Coastal areas are vital economic hubs. The population living within European coastal cities has doubled over the past 50 years. In Europe, the total value of assets located within 500 meters of the coastline is estimated between € 500 and 1000 billion (in 2000). Nonetheless, Europe’s coasts are vulnerable to sea-level rise and climate changes. These threats, combined with non-climate stressors such as overpopulation, over-fishing, pollution and invasion of alien species (see DAISIE), weaken coastal ecosystems.
To tackle this double-issue, a systemic approach is required for managing an efficient response in the short, medium and long term. That is why the present project does not develop technical solutions exclusively but rather includes them into strategic planning tools that take sustainable development into account (i.e. by bringing together economic, social and environmental aspects).
The approach includes coastal risk assessment, development of innovative climate proof mitigation measures and decision support for selecting the sustainable response strategies.
To test this approach, several zones among European large urban and industrial estuaries and deltas are selected according to their specific erosion and flood risk management challenges. These are: Santander spit (Spain), Gironde estuary (France), Plymouth sound (United Kingdom), Scheldt estuary (The Netherlands and Belgium), Elbe estuary (Germany), Po delta plain (Italy), Vistula delta plain (Poland) and Varna spit (Bulgaria).
In a first step, the Source-Pathway-Receptor-Consequence (SPRC) method is used for a better understanding of the coastal system : the SPRC evaluates how the Sources (e.g. waves, tides, river discharges) through the Pathways (i.e. coastal structures, sea banks, drainage channels, salt-marshes, etc.) affect the Receptors (i.e. inland systems: population, salt-marshes, houses, industries, etc.), generating economic, social and environmental Consequences. Consequences can be synthesised based on economic, social and environmental indicators that are finally integrated through a Multi Criteria Approach (MCA) to provide a holistic risk assessment. The information is gathered in maps based on Global Information System (GIS).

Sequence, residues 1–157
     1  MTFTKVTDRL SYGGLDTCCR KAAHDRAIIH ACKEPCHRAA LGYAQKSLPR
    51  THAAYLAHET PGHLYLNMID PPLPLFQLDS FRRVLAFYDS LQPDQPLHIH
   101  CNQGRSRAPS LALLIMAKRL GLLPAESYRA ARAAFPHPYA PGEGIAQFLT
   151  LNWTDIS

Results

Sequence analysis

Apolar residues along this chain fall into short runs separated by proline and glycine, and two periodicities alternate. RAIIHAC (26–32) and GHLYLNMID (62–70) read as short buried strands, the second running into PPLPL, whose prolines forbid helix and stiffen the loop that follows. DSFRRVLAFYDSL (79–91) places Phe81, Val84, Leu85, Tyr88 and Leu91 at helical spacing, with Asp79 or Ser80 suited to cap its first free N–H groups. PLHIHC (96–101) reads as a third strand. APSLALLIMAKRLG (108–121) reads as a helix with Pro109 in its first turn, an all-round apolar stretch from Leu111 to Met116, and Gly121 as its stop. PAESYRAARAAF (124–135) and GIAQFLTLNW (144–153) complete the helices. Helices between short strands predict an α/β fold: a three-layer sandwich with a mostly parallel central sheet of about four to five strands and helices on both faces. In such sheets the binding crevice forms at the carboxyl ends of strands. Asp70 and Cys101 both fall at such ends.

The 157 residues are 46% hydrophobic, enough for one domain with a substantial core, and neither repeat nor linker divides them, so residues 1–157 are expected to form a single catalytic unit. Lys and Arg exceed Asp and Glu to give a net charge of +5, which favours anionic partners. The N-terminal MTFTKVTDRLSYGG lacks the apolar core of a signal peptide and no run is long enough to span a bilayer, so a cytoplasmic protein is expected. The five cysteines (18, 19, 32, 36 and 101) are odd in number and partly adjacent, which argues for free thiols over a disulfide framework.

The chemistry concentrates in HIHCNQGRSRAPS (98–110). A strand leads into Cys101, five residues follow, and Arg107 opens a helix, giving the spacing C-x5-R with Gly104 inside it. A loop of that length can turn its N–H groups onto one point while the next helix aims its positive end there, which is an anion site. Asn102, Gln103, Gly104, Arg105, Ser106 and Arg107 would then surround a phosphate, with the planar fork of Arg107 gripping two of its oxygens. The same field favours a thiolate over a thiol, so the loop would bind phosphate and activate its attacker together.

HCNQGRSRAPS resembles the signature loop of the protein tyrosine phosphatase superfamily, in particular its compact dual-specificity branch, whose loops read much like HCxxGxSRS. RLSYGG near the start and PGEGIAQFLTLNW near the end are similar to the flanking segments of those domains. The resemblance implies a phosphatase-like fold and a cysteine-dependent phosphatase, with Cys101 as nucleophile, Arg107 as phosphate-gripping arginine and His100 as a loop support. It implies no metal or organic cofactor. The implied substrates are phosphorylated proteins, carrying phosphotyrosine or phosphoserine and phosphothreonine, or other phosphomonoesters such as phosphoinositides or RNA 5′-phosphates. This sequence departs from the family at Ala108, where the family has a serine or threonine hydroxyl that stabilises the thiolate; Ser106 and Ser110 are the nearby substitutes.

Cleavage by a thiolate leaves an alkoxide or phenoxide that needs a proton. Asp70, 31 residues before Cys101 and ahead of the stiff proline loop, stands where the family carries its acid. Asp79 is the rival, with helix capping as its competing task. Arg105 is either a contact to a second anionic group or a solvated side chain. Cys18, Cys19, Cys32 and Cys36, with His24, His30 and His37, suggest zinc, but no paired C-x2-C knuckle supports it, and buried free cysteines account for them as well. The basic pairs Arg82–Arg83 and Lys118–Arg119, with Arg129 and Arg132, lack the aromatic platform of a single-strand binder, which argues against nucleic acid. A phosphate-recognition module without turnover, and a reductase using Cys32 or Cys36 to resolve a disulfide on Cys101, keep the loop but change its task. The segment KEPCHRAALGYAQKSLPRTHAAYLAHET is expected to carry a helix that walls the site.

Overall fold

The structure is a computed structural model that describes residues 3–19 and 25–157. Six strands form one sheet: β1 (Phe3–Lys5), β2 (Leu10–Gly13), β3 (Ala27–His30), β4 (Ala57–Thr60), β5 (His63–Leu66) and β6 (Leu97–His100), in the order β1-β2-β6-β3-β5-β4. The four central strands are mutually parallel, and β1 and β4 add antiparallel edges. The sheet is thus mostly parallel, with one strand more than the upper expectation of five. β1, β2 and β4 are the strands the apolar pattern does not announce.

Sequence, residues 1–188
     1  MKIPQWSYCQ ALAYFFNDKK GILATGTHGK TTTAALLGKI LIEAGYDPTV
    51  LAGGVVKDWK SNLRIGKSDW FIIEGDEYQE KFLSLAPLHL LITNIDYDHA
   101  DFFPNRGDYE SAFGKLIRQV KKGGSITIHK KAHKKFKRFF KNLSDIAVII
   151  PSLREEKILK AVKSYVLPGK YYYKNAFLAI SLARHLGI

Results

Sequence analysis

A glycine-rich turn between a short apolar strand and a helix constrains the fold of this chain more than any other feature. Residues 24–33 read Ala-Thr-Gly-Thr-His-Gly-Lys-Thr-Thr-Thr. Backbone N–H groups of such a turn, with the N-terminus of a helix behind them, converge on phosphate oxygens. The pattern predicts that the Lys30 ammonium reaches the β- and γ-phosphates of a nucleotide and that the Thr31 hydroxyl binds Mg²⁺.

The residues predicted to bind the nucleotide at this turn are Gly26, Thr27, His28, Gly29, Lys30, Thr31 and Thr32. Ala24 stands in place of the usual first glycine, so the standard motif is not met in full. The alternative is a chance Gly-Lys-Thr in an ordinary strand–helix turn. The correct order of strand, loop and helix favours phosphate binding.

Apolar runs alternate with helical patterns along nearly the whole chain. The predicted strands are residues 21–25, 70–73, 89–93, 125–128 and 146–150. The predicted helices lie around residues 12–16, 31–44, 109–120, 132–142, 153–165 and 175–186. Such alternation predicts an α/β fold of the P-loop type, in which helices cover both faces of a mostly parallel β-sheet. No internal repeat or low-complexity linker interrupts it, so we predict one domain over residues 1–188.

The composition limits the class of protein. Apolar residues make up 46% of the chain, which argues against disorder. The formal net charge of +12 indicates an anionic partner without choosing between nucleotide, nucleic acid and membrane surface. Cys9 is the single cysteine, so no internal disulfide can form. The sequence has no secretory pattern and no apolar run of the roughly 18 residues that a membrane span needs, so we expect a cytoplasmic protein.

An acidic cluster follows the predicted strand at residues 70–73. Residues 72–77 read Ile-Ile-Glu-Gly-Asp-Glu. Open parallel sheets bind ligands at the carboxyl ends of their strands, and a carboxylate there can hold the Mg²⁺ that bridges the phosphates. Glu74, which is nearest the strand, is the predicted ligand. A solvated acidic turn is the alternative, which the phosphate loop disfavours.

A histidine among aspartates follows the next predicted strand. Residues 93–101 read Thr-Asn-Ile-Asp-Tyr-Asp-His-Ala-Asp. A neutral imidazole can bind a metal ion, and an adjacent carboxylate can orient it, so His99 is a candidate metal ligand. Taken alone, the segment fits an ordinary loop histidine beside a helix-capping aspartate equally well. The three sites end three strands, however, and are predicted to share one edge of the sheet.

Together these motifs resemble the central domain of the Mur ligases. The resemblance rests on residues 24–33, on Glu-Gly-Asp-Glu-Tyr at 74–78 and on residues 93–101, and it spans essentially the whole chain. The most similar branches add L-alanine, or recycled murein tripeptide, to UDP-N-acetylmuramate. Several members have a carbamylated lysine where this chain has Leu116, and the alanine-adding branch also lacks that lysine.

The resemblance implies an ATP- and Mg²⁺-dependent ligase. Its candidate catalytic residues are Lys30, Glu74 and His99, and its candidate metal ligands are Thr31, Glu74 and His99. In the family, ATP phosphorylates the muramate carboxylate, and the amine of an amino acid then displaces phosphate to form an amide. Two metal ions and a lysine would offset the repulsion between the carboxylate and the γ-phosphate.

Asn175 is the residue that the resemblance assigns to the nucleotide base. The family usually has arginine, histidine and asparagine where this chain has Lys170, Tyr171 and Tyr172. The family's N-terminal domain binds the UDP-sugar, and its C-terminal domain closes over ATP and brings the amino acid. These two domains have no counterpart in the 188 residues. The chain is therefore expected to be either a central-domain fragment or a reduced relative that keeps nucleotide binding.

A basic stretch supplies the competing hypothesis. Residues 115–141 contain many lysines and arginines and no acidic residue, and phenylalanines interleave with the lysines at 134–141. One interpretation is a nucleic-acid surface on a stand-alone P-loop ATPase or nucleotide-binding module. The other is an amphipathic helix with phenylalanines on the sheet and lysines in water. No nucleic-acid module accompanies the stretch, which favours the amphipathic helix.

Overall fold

In a second step, relevant mitigation measures are analysed. These measures include engineering technologies, ecologically based solutions, social and economic measures. With regard to coastal engineering, overtopping resistant dikes (i.e. structural storing devices where water that is washed over the top can be stored for further draining), low crested breakwaters (i.e. with a minimal visual impact), multipurpose structures such as artificial reefs, combined plans of dredging and nourishment operations and the innovative challenge of combining wave energy conversion and beach defence purposes are investigated. As far as ecological science is concerned, there are various specific habitats (e.g. salt marshes, dunes and natural reefs) capable of acting as
natural storing devices or barriers for a flood preventing achievement. Their preservation leads to maintain the biological diversity as well as to protect the shoreline in an environmental-friendly manner. Social science and economics will address the challenges of transforming the concept of resilience into a portfolio of tested operational innovative tools such as spatial planning, insurance programs, siting, designing and managing business operations.
In a third step, outstanding scientific results will be synthesised into project guidelines and technical outcomes will be integrated into a GIS based software tool. This innovative decision support system tool should assist coastal managers and policy makers to identify risk level in the coastal area and scope the best combination of mitigation measures.
The project is the largest action within coastal risk assessment and mitigation. It is financed by the European Commission under the seventh framework program (FP7), a grant funding programme. It is currently running so that several outputs are still under development. Therefore, the related Technology Readiness Level is estimated to 6 on the TRL scale, according to the scope of the seventh framework programme, which provides public grant partial funding for R&D.
When achieved in 2013, the so-developed technical and methodological tools will attempt to achieve a safe (or low risk) coast for human use and development as well as healthy habitats as sea levels rise and climate changes.